Grace, Pace and More Space
Page 1: Intro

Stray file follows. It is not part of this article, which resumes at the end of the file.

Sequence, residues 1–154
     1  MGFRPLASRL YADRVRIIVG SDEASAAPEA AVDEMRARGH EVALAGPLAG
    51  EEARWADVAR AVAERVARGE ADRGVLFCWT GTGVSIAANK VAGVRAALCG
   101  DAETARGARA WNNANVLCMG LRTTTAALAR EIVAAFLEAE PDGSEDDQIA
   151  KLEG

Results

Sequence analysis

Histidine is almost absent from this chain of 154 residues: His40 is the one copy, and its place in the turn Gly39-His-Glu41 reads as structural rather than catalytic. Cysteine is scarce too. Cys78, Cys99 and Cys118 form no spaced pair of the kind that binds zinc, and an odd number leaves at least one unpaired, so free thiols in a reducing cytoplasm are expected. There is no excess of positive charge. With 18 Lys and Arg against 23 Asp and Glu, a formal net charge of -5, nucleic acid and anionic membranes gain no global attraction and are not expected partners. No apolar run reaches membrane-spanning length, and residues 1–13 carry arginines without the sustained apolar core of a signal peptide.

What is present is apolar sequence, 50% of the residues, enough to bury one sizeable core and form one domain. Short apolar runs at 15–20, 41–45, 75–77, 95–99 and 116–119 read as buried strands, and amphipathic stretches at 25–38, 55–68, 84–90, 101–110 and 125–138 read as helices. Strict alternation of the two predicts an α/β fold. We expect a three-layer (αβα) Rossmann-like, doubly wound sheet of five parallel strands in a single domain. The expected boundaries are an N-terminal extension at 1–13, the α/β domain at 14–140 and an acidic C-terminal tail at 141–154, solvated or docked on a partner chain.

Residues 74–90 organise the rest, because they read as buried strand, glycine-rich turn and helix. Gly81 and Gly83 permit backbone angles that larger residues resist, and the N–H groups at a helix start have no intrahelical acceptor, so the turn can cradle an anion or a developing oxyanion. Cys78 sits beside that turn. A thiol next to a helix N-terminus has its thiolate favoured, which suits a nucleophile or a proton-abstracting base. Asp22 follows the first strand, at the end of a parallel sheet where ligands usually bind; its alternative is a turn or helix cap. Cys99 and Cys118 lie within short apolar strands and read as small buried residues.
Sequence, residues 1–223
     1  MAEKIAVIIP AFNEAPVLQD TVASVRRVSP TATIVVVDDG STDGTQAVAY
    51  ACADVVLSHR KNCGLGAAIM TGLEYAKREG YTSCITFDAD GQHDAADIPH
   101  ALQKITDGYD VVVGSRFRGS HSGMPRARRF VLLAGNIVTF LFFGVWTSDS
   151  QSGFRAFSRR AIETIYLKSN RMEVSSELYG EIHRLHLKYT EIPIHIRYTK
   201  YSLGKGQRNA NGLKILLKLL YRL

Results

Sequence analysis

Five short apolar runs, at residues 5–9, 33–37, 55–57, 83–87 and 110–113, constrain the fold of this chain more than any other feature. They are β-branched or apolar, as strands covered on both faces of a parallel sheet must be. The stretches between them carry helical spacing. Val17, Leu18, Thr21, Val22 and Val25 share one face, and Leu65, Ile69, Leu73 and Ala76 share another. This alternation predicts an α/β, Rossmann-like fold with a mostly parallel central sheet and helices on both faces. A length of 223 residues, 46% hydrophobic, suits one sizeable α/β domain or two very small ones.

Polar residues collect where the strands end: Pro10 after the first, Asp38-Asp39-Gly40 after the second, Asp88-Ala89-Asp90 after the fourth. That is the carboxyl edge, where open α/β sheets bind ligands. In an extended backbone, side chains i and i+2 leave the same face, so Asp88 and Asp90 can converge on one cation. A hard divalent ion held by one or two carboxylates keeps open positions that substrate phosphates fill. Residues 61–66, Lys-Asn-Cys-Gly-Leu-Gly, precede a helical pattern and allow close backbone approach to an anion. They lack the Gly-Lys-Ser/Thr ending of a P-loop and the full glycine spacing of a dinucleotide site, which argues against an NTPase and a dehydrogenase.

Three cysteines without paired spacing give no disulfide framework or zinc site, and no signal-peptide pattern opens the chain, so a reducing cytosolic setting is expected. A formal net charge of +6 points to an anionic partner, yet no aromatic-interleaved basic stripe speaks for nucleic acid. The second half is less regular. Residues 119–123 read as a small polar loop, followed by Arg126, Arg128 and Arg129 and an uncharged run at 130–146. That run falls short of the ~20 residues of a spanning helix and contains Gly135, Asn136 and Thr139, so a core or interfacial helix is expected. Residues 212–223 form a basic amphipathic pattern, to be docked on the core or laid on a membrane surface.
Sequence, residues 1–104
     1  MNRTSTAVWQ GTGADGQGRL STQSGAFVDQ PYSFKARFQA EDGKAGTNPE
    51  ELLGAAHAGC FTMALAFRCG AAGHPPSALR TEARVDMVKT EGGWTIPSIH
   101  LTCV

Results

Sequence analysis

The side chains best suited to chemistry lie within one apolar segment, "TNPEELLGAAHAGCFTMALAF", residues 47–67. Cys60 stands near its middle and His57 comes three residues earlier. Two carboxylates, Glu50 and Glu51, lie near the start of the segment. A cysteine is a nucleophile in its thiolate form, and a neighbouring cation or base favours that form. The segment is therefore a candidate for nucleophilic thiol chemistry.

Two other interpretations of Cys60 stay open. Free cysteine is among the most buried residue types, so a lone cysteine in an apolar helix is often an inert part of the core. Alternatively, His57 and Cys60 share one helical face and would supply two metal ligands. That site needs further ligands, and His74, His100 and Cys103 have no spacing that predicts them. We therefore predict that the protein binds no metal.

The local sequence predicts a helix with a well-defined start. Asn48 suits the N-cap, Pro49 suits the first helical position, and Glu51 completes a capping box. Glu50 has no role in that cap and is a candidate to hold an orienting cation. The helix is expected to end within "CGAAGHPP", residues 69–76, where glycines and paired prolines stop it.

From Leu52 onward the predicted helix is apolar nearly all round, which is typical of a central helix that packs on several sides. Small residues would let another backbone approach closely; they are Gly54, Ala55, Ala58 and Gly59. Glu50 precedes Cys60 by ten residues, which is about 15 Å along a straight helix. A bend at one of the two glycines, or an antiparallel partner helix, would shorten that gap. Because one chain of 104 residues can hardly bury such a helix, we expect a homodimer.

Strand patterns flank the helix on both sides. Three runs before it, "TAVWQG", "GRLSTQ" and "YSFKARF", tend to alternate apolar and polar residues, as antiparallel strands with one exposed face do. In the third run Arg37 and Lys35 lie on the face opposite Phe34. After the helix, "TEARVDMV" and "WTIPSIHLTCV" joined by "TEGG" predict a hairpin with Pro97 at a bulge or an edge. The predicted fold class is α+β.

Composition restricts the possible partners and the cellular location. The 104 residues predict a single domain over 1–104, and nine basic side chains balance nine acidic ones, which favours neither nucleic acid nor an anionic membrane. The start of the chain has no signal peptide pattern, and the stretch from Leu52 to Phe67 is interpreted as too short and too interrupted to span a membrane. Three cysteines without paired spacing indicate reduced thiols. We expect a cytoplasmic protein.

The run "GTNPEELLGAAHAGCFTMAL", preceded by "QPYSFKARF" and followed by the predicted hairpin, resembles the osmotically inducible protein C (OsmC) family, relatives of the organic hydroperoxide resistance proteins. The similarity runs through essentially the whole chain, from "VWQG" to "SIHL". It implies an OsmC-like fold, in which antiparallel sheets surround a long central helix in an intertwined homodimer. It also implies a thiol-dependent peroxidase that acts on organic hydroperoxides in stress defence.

With luxury cars - especially stretched sedans - where you sit depends on where you stand. Some owners spend more time in the back seat of their cars, being driven, than they do up front, being drivers. It's a rare car that is equally satisfying in either row. The dual role dilemma makes long wheelbase automobiles difficult to design. What's done to make them more pleasant for passengers in back invariably makes them more dull for drivers in front. Adding space can subtract pace, when you factor in weight gain and balance shift. The newest Jaguar neatly avoids this issue, because it didn't pack on the pounds. The elongated Jag is a mere 53 lb. (1.3%) heavier than the standard wheelbase model.Jaguar marked 2004 with the roll-out of their seventh generation XJ. Much of the attention focused on the car's aluminum skin, and the benefits therein. The lighter, stiffer unibody structure allows the double wishbone suspension to do its thing, without having to compensate for chassis limitations. The XJ's ride/handling bias comes down heavier on the ride side - understandable, given its luxury class status. But, the characteristic Jaguar supple feel is in evidence as well. The XJ is light on its feet for a big car and the feedback through the wheel and through your senses is one of being insulated (from unwanted noise and road harshness) but not isolated (from the road or the car). Ditto on long wheelbase models. The added dimensions inside have done nothing to disrupt the car's balanced feel.